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The Milky Way in Molecular Clouds: A New Complete CO Survey
Sgr B2: Saggittarius B2 Complex. Cooling Curve : Cooling rate of gas as a function of temperature. Results : database with 1,, spectra. They showed Iint maps, channel maps, p-v diagrams, grand average spectrum, etc. Stil et al. Results : database with pointing. Results : It is found that sufficiently large gas sphere is graviattionally unstable, which is comparable to the Jean's formula of gravitational instability.
Tomisaka, PASJ Motte et al. It was the first time to get the compact circumstellar dusty structures around YSOs and the extended emission from dense cores and ambient clouds detected simultaneously. The diffuse clouds are fragmented into 58 starless cores, with 19 of them showing flat intensity profile, 10 of them showing sharp peak.
Ballesteros-Paredes et al. Results : They found that the clouds are usually trancient objects without well-defined cloud edge. Neither the thermal equilibrium nor the turbulent pressure is the cloud confining agent. Quasi-hydrostatic configurations can not be produced by turbulence. Results : They found that the Larson's density-size relation is an artifact due to limited dynamical range in column density in the old observation, while the velocity dispersion-size relation is true in both physical and observed clumps.
They also confirmed that the clump mass histrogram follows a log-normal distribution. They concluded that successful fitting of BE profile to an observed cloud core does not guarantee hydrostatic equilibrium , and the fitted parameters mass, central density, density contrast, temperature, and radial profile of the BE sphere may differ significantly from the actual values in the cores.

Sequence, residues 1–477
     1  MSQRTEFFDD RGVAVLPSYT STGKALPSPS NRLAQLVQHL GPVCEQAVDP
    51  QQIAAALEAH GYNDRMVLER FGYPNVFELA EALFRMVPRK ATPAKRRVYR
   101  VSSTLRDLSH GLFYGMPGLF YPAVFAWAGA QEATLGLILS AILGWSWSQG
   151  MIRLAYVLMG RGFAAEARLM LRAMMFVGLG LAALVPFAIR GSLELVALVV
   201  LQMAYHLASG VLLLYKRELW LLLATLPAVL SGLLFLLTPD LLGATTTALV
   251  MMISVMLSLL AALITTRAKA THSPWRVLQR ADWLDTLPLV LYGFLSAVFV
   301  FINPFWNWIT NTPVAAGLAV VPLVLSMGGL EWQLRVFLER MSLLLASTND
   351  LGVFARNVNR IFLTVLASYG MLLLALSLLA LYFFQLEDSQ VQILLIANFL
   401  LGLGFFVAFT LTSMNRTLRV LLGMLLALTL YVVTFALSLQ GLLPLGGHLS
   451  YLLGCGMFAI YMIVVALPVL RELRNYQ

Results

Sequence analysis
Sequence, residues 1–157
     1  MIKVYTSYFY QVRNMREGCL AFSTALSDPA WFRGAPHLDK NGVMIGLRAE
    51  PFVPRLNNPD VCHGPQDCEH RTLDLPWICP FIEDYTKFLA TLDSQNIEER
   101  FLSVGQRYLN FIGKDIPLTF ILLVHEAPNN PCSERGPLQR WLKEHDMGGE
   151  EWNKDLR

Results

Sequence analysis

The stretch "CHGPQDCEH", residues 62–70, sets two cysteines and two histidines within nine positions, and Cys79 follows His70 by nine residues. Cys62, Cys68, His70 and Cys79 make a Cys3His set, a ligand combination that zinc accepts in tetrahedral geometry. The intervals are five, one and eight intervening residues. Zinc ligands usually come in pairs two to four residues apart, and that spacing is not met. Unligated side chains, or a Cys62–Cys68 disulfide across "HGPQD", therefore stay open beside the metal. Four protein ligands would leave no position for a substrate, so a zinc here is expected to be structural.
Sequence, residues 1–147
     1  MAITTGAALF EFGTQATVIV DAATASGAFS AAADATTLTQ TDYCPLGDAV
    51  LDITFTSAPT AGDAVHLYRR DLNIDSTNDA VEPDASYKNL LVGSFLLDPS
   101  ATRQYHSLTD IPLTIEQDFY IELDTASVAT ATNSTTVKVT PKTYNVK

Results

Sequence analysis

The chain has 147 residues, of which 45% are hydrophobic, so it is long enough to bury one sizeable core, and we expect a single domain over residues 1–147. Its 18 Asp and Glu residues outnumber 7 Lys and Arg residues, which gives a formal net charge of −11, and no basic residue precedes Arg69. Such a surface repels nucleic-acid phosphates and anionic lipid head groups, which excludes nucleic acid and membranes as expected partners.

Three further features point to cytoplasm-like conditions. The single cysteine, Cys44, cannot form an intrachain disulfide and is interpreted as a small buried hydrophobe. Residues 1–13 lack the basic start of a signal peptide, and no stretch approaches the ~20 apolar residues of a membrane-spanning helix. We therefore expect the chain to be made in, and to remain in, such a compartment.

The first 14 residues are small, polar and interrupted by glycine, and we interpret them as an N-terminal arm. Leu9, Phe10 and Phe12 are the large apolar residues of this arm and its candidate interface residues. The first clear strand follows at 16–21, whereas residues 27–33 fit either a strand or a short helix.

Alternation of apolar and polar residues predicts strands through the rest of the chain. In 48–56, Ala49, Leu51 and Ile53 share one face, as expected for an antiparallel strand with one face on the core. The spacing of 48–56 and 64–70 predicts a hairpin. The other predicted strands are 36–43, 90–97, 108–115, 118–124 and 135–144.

Results : 1 He argued that a turbulence eventually becomes unimportant in star formation because it is dissipative and decay rapidly to smaller scales; b magnetic field can be dissipated through ambipolar diffusion and the anisotropic magnetic field lines do not prevent matter from accumulating along the field lines. In contrast, thermal pressure work at all size scales and becomes increasingly important during the contraction of the interstellar clouds. Therefore, the Jeans mass determined by the ballance between thermal pressure and gravity is universal in the star formation processes, irrespective of what happened during the early stage of the star formation.
During the cloud contraction processes, the atomic cooling rates increase with density in low density gas, thus the cloud temperature decreases with the progress of contraction. But when the density is higher than a certain threshold, the atomic cooling rates do not increase anymore due to opacity effect , the cloud temperature reaches a minimum of about 5K Larson and then turns to rise up due to the more and more efficient gravitational collapse heating.
Therefore, the Jeans mass will decrease with further process of contraction. Consequently, the Jeans mass will decrease thus with more active fragmentation during the cold low-density contraction phase, whilst it will increase thus with fragmentation suppressed during the warmer high-density contraction phase. The critical state between the low-density and high-density contraction phases thus determines the final properties of the cloud fragmentation.
Nearby Molecular Clouds
This critical density is determined by the cooling properties, and thus nature and status of the material, of the clouds. Thus the mass of the first stars is largely determined by the intrinsic atomic and molecular properties of the H2.
This is important at some stages when most polar molecules have been frozen out onto grains, because then the gas is thermally coupled with dust grains and the dust thermal emission becomes the major cooling agent. This limit is 0. Simulations support that the Jeans mass or Bonnor-Ebert mass at the critical density for the temperature minimum determines the peak mass of the IMF. He did not mention: why? In dense clouds, the cloud core can only collapse to form spherical structure.